The Book of Jonah

Klara With a K

by Sandy Berman

Overview: At the end of World War II, eighteen-year-old Klara Werner finds herself emancipated from the German concentration camp that has kept her prisoner for so long.

Traumatized by the abuse she has experienced, and seemingly abandoned by the American soldier who professed his love for her, she is unsure where to turn next-until she remembers her mother's final words: "Survive at all costs."

So Klara decides to reinvent herself, leaving her Jewish identity behind and marrying the US Army doctor who treated her. Together, they begin a new life in Atlanta, Georgia, where she can enjoy freedoms she has never had before. But in an era of Jim Crow rules and regulations eerily similar to the Nuremberg laws that victimized her family for so long, Klara begins to find she has more in common with her husband's Negro help than with his country club friends.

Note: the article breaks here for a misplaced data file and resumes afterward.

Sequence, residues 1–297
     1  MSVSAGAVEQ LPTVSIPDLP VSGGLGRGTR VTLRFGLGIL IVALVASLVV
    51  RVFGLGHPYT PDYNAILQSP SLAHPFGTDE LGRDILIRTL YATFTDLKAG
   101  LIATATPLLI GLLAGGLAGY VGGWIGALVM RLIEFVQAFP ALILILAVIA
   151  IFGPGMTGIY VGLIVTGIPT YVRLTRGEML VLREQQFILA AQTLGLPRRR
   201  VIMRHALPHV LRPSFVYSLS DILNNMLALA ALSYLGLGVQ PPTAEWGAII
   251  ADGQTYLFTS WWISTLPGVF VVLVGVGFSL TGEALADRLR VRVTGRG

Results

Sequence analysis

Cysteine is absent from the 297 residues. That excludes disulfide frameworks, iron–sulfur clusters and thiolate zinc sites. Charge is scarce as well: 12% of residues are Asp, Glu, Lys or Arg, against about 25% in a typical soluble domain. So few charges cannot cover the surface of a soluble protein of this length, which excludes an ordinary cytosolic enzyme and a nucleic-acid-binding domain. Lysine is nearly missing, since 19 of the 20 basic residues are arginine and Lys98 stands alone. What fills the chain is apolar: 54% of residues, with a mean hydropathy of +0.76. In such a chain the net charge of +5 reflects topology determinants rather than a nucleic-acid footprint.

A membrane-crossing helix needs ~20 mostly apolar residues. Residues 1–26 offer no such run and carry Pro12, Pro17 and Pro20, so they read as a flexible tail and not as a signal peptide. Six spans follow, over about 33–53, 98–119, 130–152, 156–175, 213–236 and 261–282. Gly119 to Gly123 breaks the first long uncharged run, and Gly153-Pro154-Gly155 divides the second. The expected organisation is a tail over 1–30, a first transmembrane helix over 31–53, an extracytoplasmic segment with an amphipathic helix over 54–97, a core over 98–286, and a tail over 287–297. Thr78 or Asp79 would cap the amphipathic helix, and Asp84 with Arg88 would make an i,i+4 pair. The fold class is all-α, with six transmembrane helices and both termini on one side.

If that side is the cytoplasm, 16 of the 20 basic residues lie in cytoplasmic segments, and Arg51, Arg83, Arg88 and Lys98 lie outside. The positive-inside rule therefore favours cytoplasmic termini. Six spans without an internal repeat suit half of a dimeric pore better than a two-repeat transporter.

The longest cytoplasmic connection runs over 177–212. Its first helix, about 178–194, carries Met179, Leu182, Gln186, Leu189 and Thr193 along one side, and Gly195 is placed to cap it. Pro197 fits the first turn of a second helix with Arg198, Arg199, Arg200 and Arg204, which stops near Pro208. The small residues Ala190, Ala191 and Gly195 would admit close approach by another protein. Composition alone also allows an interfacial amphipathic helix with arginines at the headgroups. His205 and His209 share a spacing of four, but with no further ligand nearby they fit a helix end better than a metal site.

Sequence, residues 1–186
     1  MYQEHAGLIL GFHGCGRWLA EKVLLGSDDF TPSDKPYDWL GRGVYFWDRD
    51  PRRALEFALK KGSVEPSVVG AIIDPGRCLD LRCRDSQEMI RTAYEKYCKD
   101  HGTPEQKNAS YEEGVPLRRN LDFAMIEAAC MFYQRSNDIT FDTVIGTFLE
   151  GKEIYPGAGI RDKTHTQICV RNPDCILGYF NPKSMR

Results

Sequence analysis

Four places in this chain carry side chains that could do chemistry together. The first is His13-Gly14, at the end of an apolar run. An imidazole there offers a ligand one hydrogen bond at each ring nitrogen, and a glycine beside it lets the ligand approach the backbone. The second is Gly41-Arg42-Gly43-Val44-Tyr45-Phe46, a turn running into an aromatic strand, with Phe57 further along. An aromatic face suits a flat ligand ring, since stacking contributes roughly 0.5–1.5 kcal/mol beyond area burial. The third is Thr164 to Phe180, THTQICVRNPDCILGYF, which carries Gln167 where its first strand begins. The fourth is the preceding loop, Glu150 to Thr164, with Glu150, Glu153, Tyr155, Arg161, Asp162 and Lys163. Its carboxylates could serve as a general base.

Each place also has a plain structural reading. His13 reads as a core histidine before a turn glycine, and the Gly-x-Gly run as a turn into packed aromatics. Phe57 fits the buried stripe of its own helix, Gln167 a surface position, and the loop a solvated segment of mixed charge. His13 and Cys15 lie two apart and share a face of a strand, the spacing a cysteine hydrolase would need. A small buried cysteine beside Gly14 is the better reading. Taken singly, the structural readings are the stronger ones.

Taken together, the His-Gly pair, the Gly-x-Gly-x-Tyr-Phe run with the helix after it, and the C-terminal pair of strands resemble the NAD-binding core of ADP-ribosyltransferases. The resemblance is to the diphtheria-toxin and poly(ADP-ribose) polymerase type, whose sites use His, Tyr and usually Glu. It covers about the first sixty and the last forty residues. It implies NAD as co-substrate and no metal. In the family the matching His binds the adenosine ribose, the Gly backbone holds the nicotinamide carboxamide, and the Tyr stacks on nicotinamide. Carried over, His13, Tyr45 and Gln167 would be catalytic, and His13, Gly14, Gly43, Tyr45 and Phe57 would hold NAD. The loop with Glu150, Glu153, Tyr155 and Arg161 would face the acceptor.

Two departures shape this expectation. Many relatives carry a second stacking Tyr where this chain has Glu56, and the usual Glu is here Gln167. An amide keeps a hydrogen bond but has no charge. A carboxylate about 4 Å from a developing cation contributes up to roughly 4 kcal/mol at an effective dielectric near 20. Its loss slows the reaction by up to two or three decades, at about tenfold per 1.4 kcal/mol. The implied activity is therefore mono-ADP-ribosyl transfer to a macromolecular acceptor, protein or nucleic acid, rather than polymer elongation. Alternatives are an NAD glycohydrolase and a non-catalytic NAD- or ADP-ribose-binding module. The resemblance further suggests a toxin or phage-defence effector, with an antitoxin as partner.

Burdened by the guilt of her carefully orchestrated charade, Klara seeks solace in becoming an outspoken advocate for the growing civil rights movement. But in the end only a face-to-face confrontation with a past she has fought so hard to forget will release her from the lies that bind her.

Gail Reid (12/20/14):While there are numerous books that fall into Holocaust literature, I like to look at what distinguishes each. In Klara With a K, Sandra Berman skillfully shows comparisons between the segregation of the Jews in the early days of Nazism before the camps and the segregation of African Americans in Atlanta during the sixties. As a Jewish woman who escaped from Germany by hiding her past, Klara can never reconcile the separate but equal mentality that prevailed. Her internal conflicts and external challenges make for an engrossing story with far reaching consequences.
Rating: ****

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